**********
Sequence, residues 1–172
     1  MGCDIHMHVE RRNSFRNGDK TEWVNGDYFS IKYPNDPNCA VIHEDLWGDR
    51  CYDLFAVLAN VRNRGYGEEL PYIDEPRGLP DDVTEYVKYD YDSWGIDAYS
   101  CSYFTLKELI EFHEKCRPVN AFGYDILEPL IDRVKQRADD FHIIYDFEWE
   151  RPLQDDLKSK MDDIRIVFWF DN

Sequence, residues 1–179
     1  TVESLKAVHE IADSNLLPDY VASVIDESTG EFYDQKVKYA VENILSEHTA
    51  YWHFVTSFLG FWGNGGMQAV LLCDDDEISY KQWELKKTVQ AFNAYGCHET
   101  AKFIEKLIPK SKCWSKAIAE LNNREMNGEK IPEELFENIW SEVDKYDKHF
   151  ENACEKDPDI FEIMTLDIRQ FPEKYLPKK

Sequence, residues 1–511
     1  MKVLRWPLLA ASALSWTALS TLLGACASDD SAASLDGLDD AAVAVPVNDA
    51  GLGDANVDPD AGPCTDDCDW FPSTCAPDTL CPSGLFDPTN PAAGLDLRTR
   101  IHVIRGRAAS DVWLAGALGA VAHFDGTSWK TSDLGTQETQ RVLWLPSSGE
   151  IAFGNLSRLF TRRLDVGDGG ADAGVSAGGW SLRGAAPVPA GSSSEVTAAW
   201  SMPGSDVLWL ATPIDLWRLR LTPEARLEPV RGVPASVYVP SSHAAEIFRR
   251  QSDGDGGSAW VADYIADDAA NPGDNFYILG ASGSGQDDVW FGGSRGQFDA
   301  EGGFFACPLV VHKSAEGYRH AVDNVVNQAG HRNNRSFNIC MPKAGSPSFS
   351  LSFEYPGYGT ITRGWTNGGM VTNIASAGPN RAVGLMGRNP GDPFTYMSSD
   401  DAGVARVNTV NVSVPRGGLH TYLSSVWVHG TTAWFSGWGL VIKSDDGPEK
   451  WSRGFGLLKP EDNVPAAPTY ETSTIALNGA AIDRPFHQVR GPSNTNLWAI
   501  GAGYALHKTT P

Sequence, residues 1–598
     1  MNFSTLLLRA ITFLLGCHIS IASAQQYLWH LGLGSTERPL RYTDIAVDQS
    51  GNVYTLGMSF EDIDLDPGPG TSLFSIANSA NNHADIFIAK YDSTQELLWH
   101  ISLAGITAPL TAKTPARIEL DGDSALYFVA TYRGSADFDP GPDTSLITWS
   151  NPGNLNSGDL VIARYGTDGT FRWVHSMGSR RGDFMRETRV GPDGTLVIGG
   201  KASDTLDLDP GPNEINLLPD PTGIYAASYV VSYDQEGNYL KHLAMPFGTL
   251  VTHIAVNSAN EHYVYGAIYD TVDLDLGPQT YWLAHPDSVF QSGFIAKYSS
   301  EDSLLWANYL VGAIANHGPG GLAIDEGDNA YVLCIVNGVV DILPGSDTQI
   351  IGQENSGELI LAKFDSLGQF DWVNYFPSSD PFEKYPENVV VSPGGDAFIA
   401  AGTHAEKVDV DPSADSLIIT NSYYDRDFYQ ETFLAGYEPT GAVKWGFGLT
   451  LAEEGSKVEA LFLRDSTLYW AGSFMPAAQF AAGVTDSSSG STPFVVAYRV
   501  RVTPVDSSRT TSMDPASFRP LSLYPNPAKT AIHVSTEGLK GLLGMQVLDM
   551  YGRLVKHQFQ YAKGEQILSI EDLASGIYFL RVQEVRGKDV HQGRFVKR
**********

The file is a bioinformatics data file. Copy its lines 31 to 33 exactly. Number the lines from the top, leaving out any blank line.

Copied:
   351  IGQENSGELI LAKFDSLGQF DWVNYFPSSD PFEKYPENVV VSPGGDAFIA
   401  AGTHAEKVDV DPSADSLIIT NSYYDRDFYQ ETFLAGYEPT GAVKWGFGLT
   451  LAEEGSKVEA LFLRDSTLYW AGSFMPAAQF AAGVTDSSSG STPFVVAYRV